“Alright, brace yourself.” Philomena pulled out her knife and fished the bullet out of Margaret’s shoulder. Margaret groaned—the pain nearly caused her to faint. She buckled and slumped sideways in the tomb. Margaret lay there bleeding profusely though Mena had bandaged her shoulder. She needed a doctor, and soon. Philomena combined her knife and the bullet in her hands. She concentrated—sensing each object’s motion. The knife and bullet began to vibrate violently in Mena’s hand and emitted a sharp, loud sound. In a flash of silver light, the objects shifted form. A sturdy steel shovel lay in Mena’s hand. It was not over yet. She focused; this next transformation would be much harder. There was a ton of earth on top of them. The density and area was larger. Mena sat, closed her eyes once more, and began reading the earth’s very particles. There was dirt—heavy from rain, grass above, roots, larvae, centipedes, worms wriggling about, water trickling through the earth’s pores…it all began to vibrate. The earth above them quivered as it shifted from solid dirt to piles of beautiful white primroses—their stems green and leafy, rootless and loose. The tomb’s grainy stone tumbled into piles of flowers. Mena felt the soft petals fall against her face. The smell was overwhelming. She grasped the shovel and dug out Margaret and finally a tunnel upward. Last she changed one side of the primrose tunnel into a rope ladder. Clasping Margaret to her side, she helped her climb. Margaret inhaled the fragrant passageway deeply.

“Have we died? Is this heaven?” Mena smiled,


“It’s so beautiful.” They were two steps from the top. Margaret slackened. Her body grew rigid. Philomena struggled to keep hold of Margaret and the ladder. She was losing grip.

“Margaret. Margaret.” Her voice grew desperate.

“Margaret!” howled a familiar gruff voice.

“George!” Philomena was relieved. George helped Mena and Margaret to the top.

“What in the bloody hell happened?”

“There’s no time for that now George, later. Margaret’s been shot.” George’s face was white with fear. “You have to heal her.” George nodded. Philomena politely turned around. George did not wait to remove his clothing before shifting. In his wolf form, he could heal Margaret’s wound. Werewolf saliva is a cure-all. Mena wanted to study its aetheric properties in the future to see if it might be synthesized in some way. The slim brindle wolf sweetly licked Margaret’s shoulder. The saliva coated her whole upper arm until it worked its way past her epidermis. Within minutes Margaret’s wound was completely healed. Margaret lay asleep. The only side effect of werewolf saliva—an intense R.E.M. cycle. She would be unconscious for a day or so. George shifted again and took out a spare set of clothes from his travel bag.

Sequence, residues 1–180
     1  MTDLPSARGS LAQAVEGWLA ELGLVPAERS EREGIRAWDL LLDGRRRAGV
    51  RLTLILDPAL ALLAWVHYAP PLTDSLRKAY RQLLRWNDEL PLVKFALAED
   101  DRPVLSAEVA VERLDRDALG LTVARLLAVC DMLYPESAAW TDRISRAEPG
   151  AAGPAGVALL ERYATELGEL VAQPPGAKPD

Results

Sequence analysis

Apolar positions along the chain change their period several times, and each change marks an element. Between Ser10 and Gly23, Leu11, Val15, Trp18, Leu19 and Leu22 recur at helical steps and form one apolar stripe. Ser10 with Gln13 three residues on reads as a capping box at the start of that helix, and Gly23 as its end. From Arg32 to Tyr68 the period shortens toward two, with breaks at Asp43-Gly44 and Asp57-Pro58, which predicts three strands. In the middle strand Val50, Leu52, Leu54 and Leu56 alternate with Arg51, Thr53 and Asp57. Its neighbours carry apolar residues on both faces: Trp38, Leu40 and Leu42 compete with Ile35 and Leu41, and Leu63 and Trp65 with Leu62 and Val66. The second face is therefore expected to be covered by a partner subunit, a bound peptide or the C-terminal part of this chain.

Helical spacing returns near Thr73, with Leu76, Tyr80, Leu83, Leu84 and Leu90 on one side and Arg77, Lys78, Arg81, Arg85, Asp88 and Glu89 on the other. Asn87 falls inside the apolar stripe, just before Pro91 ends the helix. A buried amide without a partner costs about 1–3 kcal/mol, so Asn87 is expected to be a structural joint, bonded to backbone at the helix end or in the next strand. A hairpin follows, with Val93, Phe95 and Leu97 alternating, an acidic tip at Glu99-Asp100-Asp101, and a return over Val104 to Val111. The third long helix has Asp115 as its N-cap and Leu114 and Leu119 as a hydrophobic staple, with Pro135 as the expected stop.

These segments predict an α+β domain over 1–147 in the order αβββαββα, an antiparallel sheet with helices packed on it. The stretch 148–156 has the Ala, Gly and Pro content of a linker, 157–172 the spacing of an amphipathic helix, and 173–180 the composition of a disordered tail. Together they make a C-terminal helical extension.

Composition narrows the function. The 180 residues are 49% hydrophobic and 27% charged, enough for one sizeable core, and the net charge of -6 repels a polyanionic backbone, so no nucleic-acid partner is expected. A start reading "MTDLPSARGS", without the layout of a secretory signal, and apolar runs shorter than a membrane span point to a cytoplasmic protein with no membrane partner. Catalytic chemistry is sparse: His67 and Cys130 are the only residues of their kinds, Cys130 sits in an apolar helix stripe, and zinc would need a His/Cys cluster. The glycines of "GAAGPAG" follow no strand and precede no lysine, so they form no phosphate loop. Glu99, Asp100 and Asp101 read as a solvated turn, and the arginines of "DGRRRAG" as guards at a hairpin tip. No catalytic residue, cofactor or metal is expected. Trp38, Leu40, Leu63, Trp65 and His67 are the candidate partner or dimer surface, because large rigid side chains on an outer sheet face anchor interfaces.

“Are you alright Mena? Do you need me to heal you?” Philomena shook her head, her back still respectfully turned.

“No, thank you George. We must get back. Margaret and I uncovered who is behind this most recent attempt on the Empire. We must warn Parliament.”

“Yes. Wesley is bringing the airship round. He is going to meet us at the rendezvous point in a quarter-of-an-hour.”

“Then we must hurry. Ivybridge is still a ways off.” George mounted his dispatch horse and pulled out a tiny leather parcel. The parcel had a large red tag sticking out from its center. George pulled the tag until a harness emerged and placed the harness round the horse’s neck. He dismounted and tapped the parcel thrice. Philomena could hear the parcel’s interior cogs turning and steam slowly emitted from inside. The cogs finally clicked into place and the parcel unfolded into a carriage large enough to convey them to Ivybridge. Though time was of the essence Mena could not help but marvel at the invention. “Extraordinary! Wesley has certainly outdone himself.”

“He seems to think so.” George scoffed. George gathered Margaret into his arms and got into the carriage. Philomena entered after them.

“Who is going to drive the horse?”

“That’s the best part.” George pushed a series of buttons on the side panel of the carriage and off they went. “The wheels will turn accordingly. I’ve entered our coordinates into the control panel. It will give us time to talk. What went wrong?”

“We were discovered but I have confirmed that the Earl of Devon has been colluding with the French. He has taken over the island of Eddystone and hidden munitions there. He also plans to launch an attack on Buckingham Palace with an army of French mercenaries. We must warn parliament and stop him.” George gasped.

“Treason. Well he will be the one to be buried alive when word gets out.”

“If we get there in time. He may move his plan ahead now that he’s been discovered. He cannot think Margaret and I were alone.”

“Yes, you’re very right.” The carriage jostled to and fro as they sped toward Ivybridge. Philomena poked her head out of the window. They weren’t followed, thank heavens. She’d had enough excitement for one trip. Up ahead, on the outskirts of Ivybridge, their airship awaited to transport the spies to London.